Miroslav Blumenberg

New York University Langone Medical Center

Miroslav Blumenberg, PhD, was born in Subotica and received his BSc in Belgrade, Yugoslavia. He completed his PhD at MIT in Organic Chemistry; he followed up his PhD with two postdoctoral study periods at Stanford University. Since 1983, he has been a faculty member of the RO Perelman Department of Dermatology, NYU School of Medicine, where he is a codirector of a training grant in cutaneous biology. Dr. Blumenberg’s research is focused on the epidermis, expression of keratin genes, transcription profiling, keratinocyte differentiation, inflammatory diseases and cancers, and most recently the effects of the microbiome on skin. He has published more than 100 peer-reviewed research articles and graduated numerous PhD and postdoctoral students. Dr. Blumenberg lives in New York, USA, with his wife and two children.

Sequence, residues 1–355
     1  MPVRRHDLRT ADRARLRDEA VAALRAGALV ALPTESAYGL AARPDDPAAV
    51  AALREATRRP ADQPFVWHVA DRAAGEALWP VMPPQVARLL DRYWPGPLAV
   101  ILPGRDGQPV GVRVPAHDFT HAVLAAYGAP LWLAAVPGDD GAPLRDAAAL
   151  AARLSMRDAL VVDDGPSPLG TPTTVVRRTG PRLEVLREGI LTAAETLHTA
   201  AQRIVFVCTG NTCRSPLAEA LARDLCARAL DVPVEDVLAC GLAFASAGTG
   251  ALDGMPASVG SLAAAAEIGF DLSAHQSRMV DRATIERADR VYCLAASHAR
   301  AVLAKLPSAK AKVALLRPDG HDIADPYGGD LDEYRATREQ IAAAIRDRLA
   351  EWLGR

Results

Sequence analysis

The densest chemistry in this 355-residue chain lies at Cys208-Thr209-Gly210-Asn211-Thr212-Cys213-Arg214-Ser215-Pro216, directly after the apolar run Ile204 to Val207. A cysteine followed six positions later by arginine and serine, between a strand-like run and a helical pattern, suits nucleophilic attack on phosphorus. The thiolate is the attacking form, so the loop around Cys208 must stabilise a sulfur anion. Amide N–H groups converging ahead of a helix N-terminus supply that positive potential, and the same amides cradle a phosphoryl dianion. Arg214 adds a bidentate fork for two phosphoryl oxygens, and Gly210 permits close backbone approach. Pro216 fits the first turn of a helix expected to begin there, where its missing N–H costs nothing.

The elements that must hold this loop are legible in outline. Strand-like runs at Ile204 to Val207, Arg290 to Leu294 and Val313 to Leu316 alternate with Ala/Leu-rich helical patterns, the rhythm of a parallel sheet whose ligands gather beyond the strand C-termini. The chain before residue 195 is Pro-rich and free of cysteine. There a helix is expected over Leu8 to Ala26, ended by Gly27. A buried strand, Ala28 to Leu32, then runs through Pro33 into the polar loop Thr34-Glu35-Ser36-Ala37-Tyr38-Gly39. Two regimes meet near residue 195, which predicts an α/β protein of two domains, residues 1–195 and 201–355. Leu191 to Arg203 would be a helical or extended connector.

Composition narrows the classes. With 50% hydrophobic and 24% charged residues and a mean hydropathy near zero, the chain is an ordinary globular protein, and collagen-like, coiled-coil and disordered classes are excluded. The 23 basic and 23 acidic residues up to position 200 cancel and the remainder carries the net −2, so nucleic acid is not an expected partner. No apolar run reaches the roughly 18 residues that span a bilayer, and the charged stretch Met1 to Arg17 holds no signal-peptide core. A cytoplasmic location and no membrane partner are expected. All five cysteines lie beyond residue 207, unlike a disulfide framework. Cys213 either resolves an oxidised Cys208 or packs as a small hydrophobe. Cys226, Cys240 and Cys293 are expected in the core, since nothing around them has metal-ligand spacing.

6books edited

5chapters authored

Latest work with IntechOpen by Miroslav Blumenberg

The recent breakthrough in microbial studies has applied next-generation sequencing (NGS), a massive omics analysis, to the composition and structure of microbial communities. NGS can identify microbes without the need for their cultivation. Their mere presence can be ascertained and often quantitated, and even their metabolic capabilities of microbial constituents predicted. This breakthrough led to an explosive growth in research on microbes. Many important advances have been made in human health-related studies. Indeed, gut microbial communities have been extensively analyzed and differences between healthy and diseased microbiomes have been determined. Studies of the effects of changes of diet, of antibiotic treatments, and of probiotics have been published. Specific attention has been devoted to human pathogens, their mechanisms of causing disease, and the potentials for their management and treatment. Microbiome studies of natural habitats, terrestrial and aquatic, have also benefited from NGS methodology. Increased understanding of the microbial communities has led to the use microbes as antagonists of pathogens, i.e. as treatments. Moreover, novel uses of microbes in industrial processes, either for synthesis of important compounds or for degradation and handling of waste, are being devised. In this volume, chapters dealing with the cutting-edge research in all these fields are presented.

Go to the book